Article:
As physical inactivity and obesity levels reach an alarming all-time high, a national media campaign featuring the Prime Minister John Howard is encouraging the nation to get its health back on track by participating in Walk to Work Day on Friday, 3 October, 2003.


The Chairman of the PCA Mr Harold Scruby said:  “This is a wonderful campaign because it features one of the busiest people in Australian who genuinely MAKES TIME to WALK EVERY DAY.


“One of the most frequently used excuses by people who are not participating in regular physical activity is that they do not have time. Yet our Prime Minister has set the example and proven that nearly everyone can make time to walk for at least 30 minutes a day.”


The Prime Minster states in the Walk to Work Day national TV and radio advertisements: “Every day, wherever I am, I find time for a walk. 30 minutes a day walking makes a big difference to your health.  Why not try it?”


Supporting the campaign, Professor Adrian Bauman*, Professor of Public Health and Epidemiology at the University of NSW stated: “Recent research shows that across Australia, 1,400 deaths from heart disease and diabetes could be prevented and a total or $76 million in measurable health care costs could be saved each year if just 10% of Australian adults walked more regularly.  These dramatic figures could be achieved simply by increasing walking to five days per week, for 30 minutes a day.


“Each of us is experiencing an increase in work commitments and a reduction in perceived leisure time; therefore, the excuse for having ‘no time’ is often heard. Being moderately active needs to become part of everyday life, if we are to reverse these worrying trends,” Professor Bauman said.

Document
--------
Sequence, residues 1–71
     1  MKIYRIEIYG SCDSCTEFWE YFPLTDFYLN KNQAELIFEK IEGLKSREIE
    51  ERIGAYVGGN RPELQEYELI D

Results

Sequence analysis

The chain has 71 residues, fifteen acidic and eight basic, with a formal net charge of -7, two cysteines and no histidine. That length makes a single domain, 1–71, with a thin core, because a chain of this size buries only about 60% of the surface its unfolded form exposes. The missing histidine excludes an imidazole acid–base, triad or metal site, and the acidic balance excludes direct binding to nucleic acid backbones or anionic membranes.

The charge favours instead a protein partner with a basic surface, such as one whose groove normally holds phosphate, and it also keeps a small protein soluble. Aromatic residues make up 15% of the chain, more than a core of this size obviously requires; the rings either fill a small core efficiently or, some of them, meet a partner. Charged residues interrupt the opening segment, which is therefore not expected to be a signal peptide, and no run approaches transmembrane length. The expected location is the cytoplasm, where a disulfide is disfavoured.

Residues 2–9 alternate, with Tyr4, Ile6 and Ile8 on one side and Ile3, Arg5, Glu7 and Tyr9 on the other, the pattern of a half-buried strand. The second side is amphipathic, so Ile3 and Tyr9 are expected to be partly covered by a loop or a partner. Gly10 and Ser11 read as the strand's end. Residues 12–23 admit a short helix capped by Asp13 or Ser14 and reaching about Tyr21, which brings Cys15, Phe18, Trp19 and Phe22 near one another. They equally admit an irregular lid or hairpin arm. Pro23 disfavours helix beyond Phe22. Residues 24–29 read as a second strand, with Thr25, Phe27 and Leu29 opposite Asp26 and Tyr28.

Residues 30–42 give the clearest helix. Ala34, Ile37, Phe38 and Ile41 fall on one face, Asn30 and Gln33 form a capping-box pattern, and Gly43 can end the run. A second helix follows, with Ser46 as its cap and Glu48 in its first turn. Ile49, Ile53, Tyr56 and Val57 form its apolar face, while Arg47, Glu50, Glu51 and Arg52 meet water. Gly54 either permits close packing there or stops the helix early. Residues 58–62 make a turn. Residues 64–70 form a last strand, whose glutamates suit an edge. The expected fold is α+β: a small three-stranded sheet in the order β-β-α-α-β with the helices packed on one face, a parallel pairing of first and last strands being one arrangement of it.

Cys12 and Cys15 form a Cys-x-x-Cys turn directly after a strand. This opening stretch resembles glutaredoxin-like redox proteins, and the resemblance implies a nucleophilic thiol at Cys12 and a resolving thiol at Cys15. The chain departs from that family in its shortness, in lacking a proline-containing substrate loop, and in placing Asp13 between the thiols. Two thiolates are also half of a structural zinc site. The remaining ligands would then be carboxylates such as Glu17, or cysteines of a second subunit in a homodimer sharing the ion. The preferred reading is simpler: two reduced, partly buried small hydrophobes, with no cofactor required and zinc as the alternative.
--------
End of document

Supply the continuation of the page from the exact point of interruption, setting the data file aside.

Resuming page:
“This is the new concept of ‘active living’, these 30 minutes of activity need not be continuous.  Benefits can be achieved through one, or a combination of activities throughout the day.  For example, a walk to the bus stop in the morning for 10 minutes, followed by a 10 minute walk around the block at lunchtime and then another 10 minute walk in the afternoon, easily makes up the 30 minutes without disrupting regular daily activities.”


According to the Department of Health and Ageing there has been a significant increase in overweight people in the last twenty years. Today 65% of men, 45% of women and 20 – 25% of children are considered overweight or obese (overweight is defined as a body mass index (BMI) of 25 or greater, obesity is classified as a BMI of 30 or greater).


An initiative of the PCA, Walk to Work Day is in its sixth year. The PCA is urging every Australian to become a Walking Class Hero and include a walk in their daily routine so they can achieve better health, cleaner air, less traffic and improved transport.


For further information visit the Walk to Work Day web-site at


Media Enquiries:                           Phoebe Russell / Angela Purnell

                                                          MacSween Communications 02 9327 4333

                                                          25 September, 2003


*Professor Bauman declared these figures in a letter to the PCA supporting Walk to Work Day. Professor Bauman is Professor of Public Health and Epidemiology at the University of NSW.